You can use a household budget calculator to help you determine how money flows into and out of your accounts.

Build an emergency fund

The proverbial rainy day will come at some point, and being prepared for it can have a significant effect on your finances. Ideally, you'll always have 3 to 6 months' worth of expenses in a savings account in case you lose your job or can't work for an extended period of time.

Don't worry if you can't fill your emergency fund overnight. Set aside what you can, and make a plan to contribute to the account every paycheck or month. Any amount will provide a cushion if something unexpected happens.

Separate savings

Keep checking and savings accounts separate so you can avoid the temptation to dip into your savings and potentially overspend on a whim. Another strategy is to use an automatic savings plan, which sets up regular transfers directly from your paycheck or checking account to your savings.

Manage debt

Taking on the right amount of debt at the right time is an important element of financial planning. If you're overextended on credit, your credit score could be affected. As a result, you may not qualify for the best interest rates on a mortgage or car loan.

As part of your personal financial plan, you'll need to understand the difference between good and bad debt and how long-term loans like mortgages can help you reach your financial goals. One of your goals may even be to pay off an existing loan.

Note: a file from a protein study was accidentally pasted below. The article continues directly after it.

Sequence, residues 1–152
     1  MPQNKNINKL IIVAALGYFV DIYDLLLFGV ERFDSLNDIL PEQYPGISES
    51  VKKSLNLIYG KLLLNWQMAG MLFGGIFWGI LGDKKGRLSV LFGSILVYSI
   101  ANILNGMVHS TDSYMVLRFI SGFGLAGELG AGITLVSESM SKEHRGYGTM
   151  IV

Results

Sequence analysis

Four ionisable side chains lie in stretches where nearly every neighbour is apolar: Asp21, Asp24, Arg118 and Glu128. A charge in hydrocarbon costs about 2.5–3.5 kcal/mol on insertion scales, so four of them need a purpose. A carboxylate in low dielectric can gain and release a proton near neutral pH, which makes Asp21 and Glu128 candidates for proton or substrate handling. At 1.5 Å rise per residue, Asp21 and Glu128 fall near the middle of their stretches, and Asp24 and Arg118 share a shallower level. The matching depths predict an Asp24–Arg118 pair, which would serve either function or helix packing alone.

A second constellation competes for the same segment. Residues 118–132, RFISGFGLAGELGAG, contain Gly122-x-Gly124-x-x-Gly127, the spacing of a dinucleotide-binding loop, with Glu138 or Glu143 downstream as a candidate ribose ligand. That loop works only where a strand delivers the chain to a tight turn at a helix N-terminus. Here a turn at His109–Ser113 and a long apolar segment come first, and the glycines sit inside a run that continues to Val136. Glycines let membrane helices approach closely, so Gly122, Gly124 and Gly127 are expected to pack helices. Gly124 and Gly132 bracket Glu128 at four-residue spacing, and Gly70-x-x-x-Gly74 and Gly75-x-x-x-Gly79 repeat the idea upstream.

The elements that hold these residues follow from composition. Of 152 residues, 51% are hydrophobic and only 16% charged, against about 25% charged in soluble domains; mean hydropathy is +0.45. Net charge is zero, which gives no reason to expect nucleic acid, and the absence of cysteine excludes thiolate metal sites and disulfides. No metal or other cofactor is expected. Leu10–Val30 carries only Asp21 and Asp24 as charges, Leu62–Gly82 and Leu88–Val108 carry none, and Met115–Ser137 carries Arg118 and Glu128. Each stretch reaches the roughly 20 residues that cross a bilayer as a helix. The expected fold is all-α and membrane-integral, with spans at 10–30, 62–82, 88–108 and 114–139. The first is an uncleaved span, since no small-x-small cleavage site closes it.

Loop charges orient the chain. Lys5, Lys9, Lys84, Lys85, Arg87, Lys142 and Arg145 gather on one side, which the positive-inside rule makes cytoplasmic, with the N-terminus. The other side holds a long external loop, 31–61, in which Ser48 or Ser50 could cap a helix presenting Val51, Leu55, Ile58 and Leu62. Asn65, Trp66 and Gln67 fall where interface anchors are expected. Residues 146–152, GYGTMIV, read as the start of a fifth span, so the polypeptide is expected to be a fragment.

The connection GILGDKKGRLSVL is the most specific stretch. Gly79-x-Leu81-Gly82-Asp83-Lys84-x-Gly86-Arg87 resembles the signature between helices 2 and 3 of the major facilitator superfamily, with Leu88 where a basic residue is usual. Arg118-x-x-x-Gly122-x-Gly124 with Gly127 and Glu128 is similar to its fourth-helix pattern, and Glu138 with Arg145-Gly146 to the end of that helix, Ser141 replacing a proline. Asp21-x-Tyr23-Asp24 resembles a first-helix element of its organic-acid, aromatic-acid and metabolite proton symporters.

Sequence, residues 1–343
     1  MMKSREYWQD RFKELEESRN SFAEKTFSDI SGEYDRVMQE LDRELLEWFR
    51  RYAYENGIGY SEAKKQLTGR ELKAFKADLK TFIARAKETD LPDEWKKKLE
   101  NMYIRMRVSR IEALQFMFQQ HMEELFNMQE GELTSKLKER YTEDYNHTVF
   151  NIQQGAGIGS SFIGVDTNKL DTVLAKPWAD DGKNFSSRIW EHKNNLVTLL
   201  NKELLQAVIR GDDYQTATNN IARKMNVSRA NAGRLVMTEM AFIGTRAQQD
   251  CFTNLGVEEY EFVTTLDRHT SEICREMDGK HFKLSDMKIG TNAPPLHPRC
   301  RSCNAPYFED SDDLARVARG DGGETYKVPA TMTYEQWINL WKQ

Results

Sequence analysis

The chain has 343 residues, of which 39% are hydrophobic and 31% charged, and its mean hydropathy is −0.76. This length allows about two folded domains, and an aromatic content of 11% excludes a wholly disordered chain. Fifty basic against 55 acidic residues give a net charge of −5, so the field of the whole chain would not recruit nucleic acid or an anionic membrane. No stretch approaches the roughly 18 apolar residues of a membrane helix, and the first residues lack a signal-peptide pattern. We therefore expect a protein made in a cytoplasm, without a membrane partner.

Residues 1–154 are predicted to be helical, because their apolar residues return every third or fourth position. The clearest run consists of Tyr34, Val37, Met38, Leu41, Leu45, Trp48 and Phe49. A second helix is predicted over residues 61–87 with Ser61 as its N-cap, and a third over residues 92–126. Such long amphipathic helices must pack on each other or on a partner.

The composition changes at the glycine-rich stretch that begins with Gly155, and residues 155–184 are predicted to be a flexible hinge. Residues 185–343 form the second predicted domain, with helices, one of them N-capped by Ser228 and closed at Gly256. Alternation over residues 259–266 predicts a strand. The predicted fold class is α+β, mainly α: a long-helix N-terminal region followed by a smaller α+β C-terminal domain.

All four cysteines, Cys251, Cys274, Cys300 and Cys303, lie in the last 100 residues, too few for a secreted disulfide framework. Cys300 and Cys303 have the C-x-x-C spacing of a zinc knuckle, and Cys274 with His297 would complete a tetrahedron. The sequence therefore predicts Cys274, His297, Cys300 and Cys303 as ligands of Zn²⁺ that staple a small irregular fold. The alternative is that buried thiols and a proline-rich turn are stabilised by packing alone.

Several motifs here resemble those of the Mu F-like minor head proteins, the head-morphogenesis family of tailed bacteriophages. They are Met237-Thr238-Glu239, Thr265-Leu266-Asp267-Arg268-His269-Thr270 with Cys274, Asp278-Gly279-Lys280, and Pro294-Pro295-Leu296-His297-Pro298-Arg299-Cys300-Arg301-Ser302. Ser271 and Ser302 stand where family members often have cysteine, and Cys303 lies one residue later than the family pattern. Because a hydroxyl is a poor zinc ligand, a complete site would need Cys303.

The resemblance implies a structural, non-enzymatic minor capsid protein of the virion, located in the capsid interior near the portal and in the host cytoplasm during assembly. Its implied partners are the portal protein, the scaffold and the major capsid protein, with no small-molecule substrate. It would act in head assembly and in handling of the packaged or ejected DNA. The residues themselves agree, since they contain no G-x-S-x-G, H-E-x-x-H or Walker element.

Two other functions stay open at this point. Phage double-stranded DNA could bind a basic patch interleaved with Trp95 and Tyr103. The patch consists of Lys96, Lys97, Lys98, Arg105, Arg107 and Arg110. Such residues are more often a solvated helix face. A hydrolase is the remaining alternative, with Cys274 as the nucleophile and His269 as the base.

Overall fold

3 Stay on track with finance and banking technologies

Once you have a personal financial plan in place, you'll need to make sure you can follow through with it. Digital tools like personal finance and banking apps give you additional visibility into your finances and allow you to easily track your spending.

With this information, you can then determine if you're meeting short- and long-term financial goals or falling short in some areas. Personal finance apps can also track your overall financial health by linking bank accounts, car loans, mortgages and student loans.

Here are the most common types of digital tools you can use to keep your finances on track.

Online banking and mobile apps

Banks will often provide online account access with a wealth of financial tools. With mobile banking apps, you can set up automatic bill pay for recurring expenses so you never miss a payment or get charged a late fee. You can also check your balances, deposit checks and access a chart with monthly averages for spending divided into categories.

Budgeting apps

You can track spending in real time with budgeting apps to ensure you don't miss anything. When you're saving for large purchases, these apps can also help you pinpoint areas where you can cut spending—and potentially save hundreds of dollars each month.

Savings apps

Linking a bank account to a savings app will let you round up purchases to the nearest dollar and transfer the difference to a savings or investment account to help you grow your nest egg.

Debt management apps

You can use a debt payoff app to help you set a manageable debt reduction goal and identify how much of your budget you can devote to paying it down each month. You may also want to use debt payoff apps or other digital tools to help you create a personalized plan for tackling what you owe, whether it's paying off high-interest credit card debt or reducing your highest loan balances.

Strategizing for large purchases

If you're planning to make a significant purchase in the future, include it in your financial plan and start your research well ahead of time. Making a large purchase is an important decision and should be influenced by many factors, including personal finances, current needs and your long-term goals.

Ultimately, planning for large purchases should include some or all of the following strategies.

  • Include the amount in your budget. Remember, buying a large item may mean paying for it over time.